This is a classic version of snickerdoodle cookies, with crisp edges, a soft, chewy center, and lots of cinnamon sugar! They’re fast and easy to make, and wonderful as an afternoon treat or dessert.
Ah, Snickerdoodles–the unassuming cookie with the completely weird name. Despite their flashy title, at heart they’re a homey cookie: made with just a handful of pantry staples, with no complicated techniques, flashy decorations, exciting chunks, or outrageous flavors.
Snickerdoodles are the cookie equivalent of the old quilt passed down from your grandma: not the most beautiful thing, but completely reliable and comforting. They’re never at the top of my to-bake list, but every time I have one, I think “WHY don’t I make snickerdoodles more often?!” They’re perfect for snack time, tea time, or dessert.
How Do You Make Snickerdoodles?
Snickerdoodles are, at heart, just a variation of a sugar cookie recipe. They’re made with basic ingredients like butter, flour, and white sugar, and come together like any other cookie dough–you beat the butter and sugar, add eggs, and mix in the drys. But unlike traditional sugar cookies, instead of being rolled out and cut into shapes, they’re dredged in a cinnamon-sugar mixture before baking. (I also like to add some spices to my cookie dough itself, to intensify the cinnamon flavor, but if you’re a traditionalist you can skip that.)
During baking, the cookies spread and develop a crackly crust on top. The cinnamon sugar caramelizes a bit, giving them a crunchy outer bite, but as long as you don’t overbake them, they remain soft and chewy in the center. This texture contrast is one of my very favorite things about snickerdoodles.
Why Is There Cream of Tartar in Snickerdoodles?
The other difference between snickerdoodles and most sugar cookies is the addition of cream of tartar on the ingredient list. Cream of tartar might be familiar to you if you make a lot of meringues or otherwise work with egg whites–it’s an acid that’s often used to give beaten egg whites stability and structure. But because it’s an acid, it also has a second purpose in a baker’s kitchen–to react with baking soda. This recipe pairs cream of tartar with baking soda in the cookie dough, and when the two are mixed together, they cause the cookie dough to rise, puff up, and develop those signature cracks upon cooling.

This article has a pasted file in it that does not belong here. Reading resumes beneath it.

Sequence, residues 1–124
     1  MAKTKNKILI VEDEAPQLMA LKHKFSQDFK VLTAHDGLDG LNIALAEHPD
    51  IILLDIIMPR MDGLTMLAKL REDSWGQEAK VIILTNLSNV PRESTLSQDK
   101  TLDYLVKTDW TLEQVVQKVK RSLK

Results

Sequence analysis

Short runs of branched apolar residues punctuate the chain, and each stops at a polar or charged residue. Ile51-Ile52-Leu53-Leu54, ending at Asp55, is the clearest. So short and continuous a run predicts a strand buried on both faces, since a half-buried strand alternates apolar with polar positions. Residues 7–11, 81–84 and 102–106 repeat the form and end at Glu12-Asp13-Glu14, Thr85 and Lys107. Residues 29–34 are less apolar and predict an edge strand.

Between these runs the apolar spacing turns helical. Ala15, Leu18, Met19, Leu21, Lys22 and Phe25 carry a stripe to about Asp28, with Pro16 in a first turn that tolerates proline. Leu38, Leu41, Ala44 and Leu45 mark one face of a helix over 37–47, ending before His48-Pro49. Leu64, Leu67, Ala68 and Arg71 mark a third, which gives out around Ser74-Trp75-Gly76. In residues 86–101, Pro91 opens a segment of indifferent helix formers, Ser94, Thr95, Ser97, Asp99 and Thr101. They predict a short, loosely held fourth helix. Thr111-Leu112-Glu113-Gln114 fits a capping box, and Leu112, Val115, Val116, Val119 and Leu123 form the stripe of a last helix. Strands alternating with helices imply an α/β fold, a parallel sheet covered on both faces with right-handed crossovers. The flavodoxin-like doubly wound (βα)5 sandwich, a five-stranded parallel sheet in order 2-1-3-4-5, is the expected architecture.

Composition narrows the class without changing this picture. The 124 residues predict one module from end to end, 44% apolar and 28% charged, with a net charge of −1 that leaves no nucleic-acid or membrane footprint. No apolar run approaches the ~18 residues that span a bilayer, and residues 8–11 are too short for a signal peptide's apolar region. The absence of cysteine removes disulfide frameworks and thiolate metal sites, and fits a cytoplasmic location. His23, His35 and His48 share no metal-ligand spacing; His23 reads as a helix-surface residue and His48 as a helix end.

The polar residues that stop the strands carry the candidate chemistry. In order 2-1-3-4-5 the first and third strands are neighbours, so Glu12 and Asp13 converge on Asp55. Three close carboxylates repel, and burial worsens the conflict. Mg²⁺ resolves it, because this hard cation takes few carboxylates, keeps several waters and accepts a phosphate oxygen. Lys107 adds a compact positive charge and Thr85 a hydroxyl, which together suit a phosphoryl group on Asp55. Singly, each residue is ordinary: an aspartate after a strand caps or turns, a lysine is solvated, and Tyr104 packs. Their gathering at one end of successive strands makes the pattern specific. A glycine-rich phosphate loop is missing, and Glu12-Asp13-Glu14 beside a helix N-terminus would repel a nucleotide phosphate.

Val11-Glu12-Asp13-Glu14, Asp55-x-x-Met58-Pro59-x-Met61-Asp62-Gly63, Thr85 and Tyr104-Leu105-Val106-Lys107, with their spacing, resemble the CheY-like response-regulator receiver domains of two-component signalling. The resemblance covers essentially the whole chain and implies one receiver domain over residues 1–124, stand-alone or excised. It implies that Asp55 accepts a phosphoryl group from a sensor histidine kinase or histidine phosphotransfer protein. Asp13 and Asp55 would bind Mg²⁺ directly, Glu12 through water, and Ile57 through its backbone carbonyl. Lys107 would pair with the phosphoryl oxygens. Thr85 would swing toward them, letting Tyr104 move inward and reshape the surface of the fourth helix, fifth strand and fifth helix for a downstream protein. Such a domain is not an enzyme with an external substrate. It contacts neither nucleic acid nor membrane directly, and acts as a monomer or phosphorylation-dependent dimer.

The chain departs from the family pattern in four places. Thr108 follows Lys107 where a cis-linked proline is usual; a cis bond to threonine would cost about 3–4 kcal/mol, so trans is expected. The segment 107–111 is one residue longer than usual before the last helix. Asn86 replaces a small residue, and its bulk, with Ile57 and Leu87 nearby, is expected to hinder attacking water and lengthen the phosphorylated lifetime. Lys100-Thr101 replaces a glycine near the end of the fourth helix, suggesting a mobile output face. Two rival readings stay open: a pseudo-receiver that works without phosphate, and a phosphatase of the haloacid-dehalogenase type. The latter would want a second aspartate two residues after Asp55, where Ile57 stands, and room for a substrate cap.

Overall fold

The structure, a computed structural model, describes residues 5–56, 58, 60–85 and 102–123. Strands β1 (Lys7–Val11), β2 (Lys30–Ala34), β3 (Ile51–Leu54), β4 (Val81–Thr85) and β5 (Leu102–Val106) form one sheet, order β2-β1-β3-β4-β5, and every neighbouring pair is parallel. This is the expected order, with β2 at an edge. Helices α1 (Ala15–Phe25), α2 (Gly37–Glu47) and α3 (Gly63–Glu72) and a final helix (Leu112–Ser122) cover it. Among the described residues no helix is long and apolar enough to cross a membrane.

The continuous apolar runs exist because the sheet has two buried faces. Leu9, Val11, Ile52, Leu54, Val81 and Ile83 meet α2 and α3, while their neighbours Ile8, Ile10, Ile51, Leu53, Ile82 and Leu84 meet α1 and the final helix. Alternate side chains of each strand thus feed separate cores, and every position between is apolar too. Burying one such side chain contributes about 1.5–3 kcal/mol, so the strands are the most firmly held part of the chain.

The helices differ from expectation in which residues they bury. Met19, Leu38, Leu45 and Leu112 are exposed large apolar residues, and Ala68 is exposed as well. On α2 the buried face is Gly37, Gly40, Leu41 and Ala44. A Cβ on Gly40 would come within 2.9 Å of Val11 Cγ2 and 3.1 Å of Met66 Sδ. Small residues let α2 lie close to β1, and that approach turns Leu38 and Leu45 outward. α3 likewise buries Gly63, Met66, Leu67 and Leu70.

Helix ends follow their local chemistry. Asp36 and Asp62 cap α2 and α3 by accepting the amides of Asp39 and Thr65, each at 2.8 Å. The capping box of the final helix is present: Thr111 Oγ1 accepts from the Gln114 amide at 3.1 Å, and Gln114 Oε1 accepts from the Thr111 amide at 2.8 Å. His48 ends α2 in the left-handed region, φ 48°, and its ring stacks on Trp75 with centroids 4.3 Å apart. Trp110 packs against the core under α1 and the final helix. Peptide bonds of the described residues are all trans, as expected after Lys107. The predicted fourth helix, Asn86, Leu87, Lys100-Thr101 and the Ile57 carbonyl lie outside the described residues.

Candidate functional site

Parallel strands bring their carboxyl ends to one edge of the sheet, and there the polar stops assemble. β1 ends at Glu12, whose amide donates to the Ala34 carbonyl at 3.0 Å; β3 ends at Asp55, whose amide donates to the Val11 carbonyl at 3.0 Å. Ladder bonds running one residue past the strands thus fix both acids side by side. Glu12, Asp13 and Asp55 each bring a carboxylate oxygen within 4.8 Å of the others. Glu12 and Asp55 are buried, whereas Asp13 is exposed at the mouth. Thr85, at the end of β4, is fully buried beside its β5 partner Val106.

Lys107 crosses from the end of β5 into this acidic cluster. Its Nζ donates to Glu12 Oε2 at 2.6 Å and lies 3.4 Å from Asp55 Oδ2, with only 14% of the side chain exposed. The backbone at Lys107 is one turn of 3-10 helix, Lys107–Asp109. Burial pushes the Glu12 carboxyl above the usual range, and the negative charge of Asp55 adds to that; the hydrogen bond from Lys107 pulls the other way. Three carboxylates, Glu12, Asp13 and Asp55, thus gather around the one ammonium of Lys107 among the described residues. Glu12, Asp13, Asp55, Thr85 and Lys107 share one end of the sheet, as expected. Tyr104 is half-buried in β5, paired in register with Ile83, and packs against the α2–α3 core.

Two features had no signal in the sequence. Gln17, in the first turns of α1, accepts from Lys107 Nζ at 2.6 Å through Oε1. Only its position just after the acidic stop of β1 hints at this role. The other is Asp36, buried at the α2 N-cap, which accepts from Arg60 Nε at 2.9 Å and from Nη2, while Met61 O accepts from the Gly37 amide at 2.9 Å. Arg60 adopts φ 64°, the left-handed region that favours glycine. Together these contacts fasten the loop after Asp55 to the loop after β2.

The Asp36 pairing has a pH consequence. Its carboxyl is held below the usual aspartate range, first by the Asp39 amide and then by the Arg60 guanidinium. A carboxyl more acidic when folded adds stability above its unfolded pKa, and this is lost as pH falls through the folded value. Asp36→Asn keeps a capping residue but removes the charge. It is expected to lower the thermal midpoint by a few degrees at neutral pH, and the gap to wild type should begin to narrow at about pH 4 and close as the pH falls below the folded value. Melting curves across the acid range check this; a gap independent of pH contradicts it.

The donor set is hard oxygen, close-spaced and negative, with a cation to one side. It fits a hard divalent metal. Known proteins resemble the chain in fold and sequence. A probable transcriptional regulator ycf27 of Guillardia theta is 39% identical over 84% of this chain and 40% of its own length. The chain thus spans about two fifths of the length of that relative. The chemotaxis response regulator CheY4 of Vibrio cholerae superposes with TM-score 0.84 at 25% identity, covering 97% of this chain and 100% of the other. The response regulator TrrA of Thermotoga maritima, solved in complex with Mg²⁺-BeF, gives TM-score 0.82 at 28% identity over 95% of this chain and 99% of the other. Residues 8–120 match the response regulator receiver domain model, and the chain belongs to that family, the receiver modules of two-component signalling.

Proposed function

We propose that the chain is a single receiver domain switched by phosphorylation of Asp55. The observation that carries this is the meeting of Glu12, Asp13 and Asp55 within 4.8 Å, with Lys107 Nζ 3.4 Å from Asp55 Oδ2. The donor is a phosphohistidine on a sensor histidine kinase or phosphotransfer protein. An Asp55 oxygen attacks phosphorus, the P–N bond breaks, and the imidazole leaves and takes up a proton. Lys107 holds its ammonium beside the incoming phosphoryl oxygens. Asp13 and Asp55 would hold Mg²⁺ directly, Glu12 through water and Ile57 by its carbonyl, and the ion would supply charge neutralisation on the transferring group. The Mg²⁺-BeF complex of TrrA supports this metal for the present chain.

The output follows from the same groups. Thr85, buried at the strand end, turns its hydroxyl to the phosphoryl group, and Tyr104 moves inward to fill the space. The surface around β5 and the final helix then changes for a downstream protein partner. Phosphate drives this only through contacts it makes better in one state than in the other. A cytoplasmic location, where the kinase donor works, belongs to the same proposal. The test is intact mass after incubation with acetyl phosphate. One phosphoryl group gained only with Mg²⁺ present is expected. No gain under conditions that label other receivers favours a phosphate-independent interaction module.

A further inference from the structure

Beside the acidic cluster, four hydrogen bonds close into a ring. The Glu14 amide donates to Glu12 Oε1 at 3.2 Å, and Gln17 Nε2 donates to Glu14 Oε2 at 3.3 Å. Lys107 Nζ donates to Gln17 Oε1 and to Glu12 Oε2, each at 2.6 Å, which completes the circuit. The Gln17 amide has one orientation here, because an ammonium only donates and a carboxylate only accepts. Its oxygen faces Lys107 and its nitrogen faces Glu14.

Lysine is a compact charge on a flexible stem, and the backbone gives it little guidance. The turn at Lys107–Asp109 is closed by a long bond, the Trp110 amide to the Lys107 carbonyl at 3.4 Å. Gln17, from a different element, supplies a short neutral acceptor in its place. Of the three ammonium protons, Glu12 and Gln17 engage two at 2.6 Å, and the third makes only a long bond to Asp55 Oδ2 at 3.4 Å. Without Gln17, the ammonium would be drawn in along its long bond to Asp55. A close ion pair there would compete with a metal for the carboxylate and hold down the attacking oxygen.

Cream of tartar adds a few things to snickerdoodles–it gives the dough a slight “tang” that regular sugar cookies don’t have, and it helps contribute to the chewy texture. These are not cake-like cookies, they have a distinctive chew even when soft, and that’s thanks to cream of tartar.
Of course, the real reason there’s cream of tartar in snickerdoodles comes down to tradition. You can absolutely make snickerdoodles without it–just substitute 2 tsp baking powder, and omit both the cream of tartar and the baking soda. People would still recognize your cinnamon-covered cookies as snickerdoodles! But without their signature tanginess and chewiness, you just might wonder why they don’t taste as good as you remember from your childhood.
It’s hard to improve upon a classic, so I certainly won’t blame you if you want to eat them plain, with a glass of milk! No shame in that game. But if you want to try something a little different, give one of these a go:
Press the batter into a greased 10-inch cast iron skillet, and sprinkle the top with cinnamon sugar. Bake for 35-40 minutes, until puffed around the edges and a toothpick inserted into the center comes out clean. Serve in wedges with vanilla ice cream!
Similarly, you can make snickerdoodle blondies by spraying a 9×13 pan with cooking spray, then sprinkling cinnamon and sugar on the bottom. Press the batter into the pan, top with more cinnamon sugar, and bake until done. Cut into small squares and then eat 6 squares in a row because they’re irresistable!
Try a snickerdoodle ice cream sandwich! The crispy edges and chewy center make for a GREAT ice cream sammie. Pair them with caramel, butter pecan, or plain vanilla bean ice cream for a cool summer treat.
For the cookies:
- 13.5 oz all-purpose flour (3 cups)
- 2 tsp cream of tartar
- 1 tsp baking soda
- 1/2 tsp salt
- 1 1/2 tsp cinnamon
- 1/4 tsp cloves
- 1/4 tsp ginger
- 8 oz butter (2 sticks, or 1 cup), at room temperature
- 9.33 oz granulated sugar (1 1/3 cup)
- 2 large eggs at room temperature
- 1 tsp vanilla extract
To roll the cookies:
- 1/2 cup granulated sugar
- 1 tbsp cinnamon
- Preheat the oven to 350 F (177 C). In a large bowl sift or whisk together the flour, cream of tartar, baking soda, salt, cinnamon, ginger, and cloves.
- In the bowl of a stand mixer fitted with the paddle attachment, cream the butter and sugar together until light and fluffy, 1-2 minutes.
- Add the eggs one at a time, beating until they are fully incorporated. Add the vanilla and scrape down the sides of the mixing bowl.
- Add the dry ingredients and mix on low speed until well-blended. Stop the mixer when just a few streaks of flour remain, and finish mixing by hand with a rubber spatula.
- If you have the time, I think these cookies are better after the dough has chilled for 2 hours--they will be easier to roll, and they will be puffier and not spread as much. However, if you're pressed for time, you can make them right away--they'll just spread and flatten more.
- Combine the sugar and cinnamon used for rolling the cookies in a bowl. Scoop small spoonfuls of cookie dough and roll them between your palms to get nice balls. Roll them in the spiced sugar, and place them on cookie sheets covered with parchment paper.
- Bake at 350 for 10-12 minutes, until they are puffed, lightly golden, and crinkly on top. Cool on cookie sheets for 2-3 minutes, then transfer to a wire rack to cool completely.